Retinal examination—Set the ophthalmoscope to zero. While examining the retina, turn the ophthalmoscope lens towards the positive lenses if the patient is long sighted and towards the negative lenses if the patient is short sighted, until the retinal view is clear. If the disc looks pale or cupped, consider glaucoma or optic nerve disease. Haemorrhages in the central retina are associated with wet macular degeneration and warrant urgent ophthalmic referral. Scattered haemorrhages associated with yellow exudates suggest retinal vein occlusion or diabetic retinopathy. Check for diabetic and cardiovascular risk factors and refer to an ophthalmologist.
What you should do
Refer urgently to an ophthalmologist if there is sudden loss of vision (suggesting branch retinal arterial or vein occlusion, or vitreous haemorrhage), a central dark spot affecting vision or new visual distortion (wet macular degeneration), new flashes or floaters (retinal detachment), marked pain or photophobia (iritis, corneal ulcer), or systemic features suggestive of giant cell arteritis associated with visual disturbance, including a temporal headache, jaw claudication, new fatigue, and myalgia.
Refer non-urgently if there is a gradual onset of blurriness of vision associated with glare, progressive short sightedness, or if the patient has developed a gradual onset loss of part of the field of vision.
If cataract is suspected, explain that a cataract is a clouding of the lens near the front of the eye that causes blurred vision and offer possible referral for surgery as appropriate (box 1). Explain that cataract surgery entails the extraction of the old cloudy lens and replacement with a new clear artificial lens. The operation takes about 30 minutes and is usually performed under local anaesthetic (see box 2 for more details).
Box 1: Referral for cataract surgery
Avoid referral if:
The patient is not keen to have surgery
The symptoms do not impinge on the patients’ activities of daily living
The patient’s overall prognosis is poor, owing to other comorbidities
There are medical contraindications to surgery, including poorly controlled diabetes, hypertension, or coagulation profile
Driving advice—UK driving standards require patients to have a Snellen chart measurement of at least 6/12 with both eyes open and full spectacle or contact lens correction.2 Ask patients to contact the Driver and Vehicle Licensing Authority if they are driving and do not reach this standard.
Box 2: Information on cataract surgery
Before surgery on the first eye patients undergo an assessment at the eye clinic. The new intraocular lens is usually selected to provide either good near or distance vision without the need for spectacle correction. In some settings it may be possible to have an intraocular multifocal lens that allows the patient to focus over a range of distances. The patient’s refractive requirements are usually discussed with the ophthalmologist during the assessment.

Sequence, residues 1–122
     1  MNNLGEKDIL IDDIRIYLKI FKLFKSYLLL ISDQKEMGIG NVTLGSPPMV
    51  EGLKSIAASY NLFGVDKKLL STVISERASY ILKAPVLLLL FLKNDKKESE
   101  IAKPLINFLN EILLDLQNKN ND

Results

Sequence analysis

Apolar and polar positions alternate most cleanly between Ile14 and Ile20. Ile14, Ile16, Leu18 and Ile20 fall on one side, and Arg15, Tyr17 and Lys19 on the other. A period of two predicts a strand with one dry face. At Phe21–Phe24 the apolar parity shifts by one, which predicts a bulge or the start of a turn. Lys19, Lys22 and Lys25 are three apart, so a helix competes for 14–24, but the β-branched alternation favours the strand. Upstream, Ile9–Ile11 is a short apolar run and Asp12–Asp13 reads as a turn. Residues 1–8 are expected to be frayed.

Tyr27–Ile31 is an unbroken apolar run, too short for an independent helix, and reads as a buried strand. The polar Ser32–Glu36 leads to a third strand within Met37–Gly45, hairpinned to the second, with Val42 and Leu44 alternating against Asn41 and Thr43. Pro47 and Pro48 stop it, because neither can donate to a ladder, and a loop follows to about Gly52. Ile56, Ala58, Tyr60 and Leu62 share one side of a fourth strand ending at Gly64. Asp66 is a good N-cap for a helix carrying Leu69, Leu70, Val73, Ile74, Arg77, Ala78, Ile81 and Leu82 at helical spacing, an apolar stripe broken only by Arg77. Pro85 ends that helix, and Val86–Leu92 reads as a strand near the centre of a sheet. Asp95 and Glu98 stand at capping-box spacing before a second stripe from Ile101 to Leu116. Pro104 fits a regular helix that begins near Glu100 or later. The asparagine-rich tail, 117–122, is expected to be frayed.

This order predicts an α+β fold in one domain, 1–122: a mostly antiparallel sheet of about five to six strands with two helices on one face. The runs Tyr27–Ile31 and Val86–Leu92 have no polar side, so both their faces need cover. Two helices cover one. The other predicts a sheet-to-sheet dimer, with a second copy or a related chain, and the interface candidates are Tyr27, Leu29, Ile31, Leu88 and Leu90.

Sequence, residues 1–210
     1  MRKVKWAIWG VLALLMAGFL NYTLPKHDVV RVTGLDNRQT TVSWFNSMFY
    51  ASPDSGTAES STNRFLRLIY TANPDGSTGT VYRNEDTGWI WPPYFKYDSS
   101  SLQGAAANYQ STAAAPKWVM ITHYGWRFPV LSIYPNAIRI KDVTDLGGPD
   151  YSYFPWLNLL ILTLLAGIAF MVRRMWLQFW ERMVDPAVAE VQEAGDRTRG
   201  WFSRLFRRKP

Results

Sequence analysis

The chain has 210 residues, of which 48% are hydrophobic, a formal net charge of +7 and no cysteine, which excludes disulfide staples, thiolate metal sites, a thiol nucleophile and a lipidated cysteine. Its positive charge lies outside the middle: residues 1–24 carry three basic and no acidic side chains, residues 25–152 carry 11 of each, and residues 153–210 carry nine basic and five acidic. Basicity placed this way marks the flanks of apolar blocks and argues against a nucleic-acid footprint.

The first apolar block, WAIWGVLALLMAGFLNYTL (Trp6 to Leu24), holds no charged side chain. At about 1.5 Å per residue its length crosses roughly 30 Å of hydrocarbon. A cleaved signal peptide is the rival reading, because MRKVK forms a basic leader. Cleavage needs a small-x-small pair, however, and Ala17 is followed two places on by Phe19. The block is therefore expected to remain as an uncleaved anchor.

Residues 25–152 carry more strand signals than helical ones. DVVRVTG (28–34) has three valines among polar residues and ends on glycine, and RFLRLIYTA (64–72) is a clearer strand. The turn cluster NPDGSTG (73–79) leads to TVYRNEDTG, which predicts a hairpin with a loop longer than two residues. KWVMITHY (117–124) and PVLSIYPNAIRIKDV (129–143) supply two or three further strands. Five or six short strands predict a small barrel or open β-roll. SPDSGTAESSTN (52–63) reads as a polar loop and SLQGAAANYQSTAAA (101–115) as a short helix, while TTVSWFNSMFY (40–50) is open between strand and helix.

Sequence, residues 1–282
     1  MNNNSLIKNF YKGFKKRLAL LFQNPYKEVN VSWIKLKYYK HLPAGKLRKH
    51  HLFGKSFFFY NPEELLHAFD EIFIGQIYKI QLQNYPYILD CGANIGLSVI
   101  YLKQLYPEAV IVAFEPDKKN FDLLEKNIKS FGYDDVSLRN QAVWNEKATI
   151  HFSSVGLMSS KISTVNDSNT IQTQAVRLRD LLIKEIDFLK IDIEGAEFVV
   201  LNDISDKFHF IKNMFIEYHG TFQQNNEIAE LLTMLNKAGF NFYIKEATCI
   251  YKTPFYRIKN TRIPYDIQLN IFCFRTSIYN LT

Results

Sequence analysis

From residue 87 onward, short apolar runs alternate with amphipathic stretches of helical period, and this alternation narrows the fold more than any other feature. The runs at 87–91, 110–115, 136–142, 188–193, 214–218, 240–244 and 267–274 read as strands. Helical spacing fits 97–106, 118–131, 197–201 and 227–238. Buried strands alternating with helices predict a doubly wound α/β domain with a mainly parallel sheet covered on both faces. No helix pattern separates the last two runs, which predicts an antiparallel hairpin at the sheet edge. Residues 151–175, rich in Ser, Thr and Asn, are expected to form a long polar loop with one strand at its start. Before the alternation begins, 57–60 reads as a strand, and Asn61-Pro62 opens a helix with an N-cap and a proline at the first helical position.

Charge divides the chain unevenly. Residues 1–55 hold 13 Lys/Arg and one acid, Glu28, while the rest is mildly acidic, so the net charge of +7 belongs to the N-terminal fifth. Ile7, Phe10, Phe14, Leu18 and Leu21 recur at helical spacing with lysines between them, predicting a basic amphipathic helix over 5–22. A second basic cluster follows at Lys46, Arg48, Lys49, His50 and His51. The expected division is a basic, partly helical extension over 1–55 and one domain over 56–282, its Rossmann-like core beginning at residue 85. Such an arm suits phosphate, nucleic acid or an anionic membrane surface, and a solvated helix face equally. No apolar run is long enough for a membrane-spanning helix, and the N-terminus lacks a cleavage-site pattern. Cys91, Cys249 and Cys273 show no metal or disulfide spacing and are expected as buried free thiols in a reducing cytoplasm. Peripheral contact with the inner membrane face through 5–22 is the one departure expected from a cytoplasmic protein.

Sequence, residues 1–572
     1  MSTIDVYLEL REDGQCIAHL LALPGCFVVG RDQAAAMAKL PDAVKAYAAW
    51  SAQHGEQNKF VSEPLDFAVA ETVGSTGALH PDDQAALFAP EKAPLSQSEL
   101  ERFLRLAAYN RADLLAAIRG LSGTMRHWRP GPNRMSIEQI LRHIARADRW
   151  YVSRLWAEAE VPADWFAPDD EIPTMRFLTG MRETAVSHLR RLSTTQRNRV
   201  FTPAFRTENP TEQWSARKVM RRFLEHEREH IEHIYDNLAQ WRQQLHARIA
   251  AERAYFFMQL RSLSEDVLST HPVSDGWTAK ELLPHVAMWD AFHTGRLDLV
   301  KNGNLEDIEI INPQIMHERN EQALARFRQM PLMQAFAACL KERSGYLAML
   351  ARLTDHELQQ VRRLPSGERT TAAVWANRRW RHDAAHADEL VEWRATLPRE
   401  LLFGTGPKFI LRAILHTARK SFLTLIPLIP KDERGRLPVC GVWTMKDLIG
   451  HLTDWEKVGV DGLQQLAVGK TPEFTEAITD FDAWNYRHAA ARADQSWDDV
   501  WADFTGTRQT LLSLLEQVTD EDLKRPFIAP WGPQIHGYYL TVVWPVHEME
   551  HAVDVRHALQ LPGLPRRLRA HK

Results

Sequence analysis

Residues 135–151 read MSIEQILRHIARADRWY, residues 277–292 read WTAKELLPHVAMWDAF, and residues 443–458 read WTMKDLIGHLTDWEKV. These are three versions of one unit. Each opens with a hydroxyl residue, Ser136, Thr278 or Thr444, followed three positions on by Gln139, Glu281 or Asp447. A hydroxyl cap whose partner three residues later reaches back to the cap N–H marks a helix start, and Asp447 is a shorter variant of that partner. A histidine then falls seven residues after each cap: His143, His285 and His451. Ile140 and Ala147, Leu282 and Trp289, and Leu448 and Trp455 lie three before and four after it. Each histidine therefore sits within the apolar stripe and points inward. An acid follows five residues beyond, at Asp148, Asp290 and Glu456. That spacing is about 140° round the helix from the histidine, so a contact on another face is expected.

Cataract surgery takes around 30 minutes and is usually performed under local anaesthesia. After surgery, 90% of patients will have a vision of 6/12 or better. Rare complications include: one person in every 1000 going blind in that eye as a direct result of the operation, and one in 10 000 losing the operated eye. There is virtually no risk to the other eye.3
The most common postoperative complications are redness, bruising of the eyelids, pain, and foreign body sensation. The most serious complication is intraocular infection (endophthalmitis), which is seen in 0.1% of operations and is usually accompanied by increasing redness, pain, floaters, or vision loss.
After the operation, patients are asked to avoid strenuous activity for two weeks and heavy lifting for four weeks because the incisions in cataract surgery are self sealing and need time to heal. Patients are usually asked to use antibiotic drops (such as chloramphenicol) four times a day for one week after the operation and corticosteroid drops such as dexamethasone (0.1%) and prednisolone (1%) four times a day for four weeks.
Cite this as: BMJ 2015;350:h2093
This is part of a series of occasional articles on common problems in primary care. The BMJ welcomes contributions from GPs.
Contributors: All three authors fulfil the four criteria as authors. SB provided the initial idea for the paper. All authors helped in the design and writing of the paper and its revisions. BD is guarantor. All the authors approved the final version to be published and are accountable for all aspects of the work.
Competing interests: We have read and understood BMJ policy on declaration of interests and declare the following interests: none.
Provenance and peer review: Not commissioned; externally peer reviewed.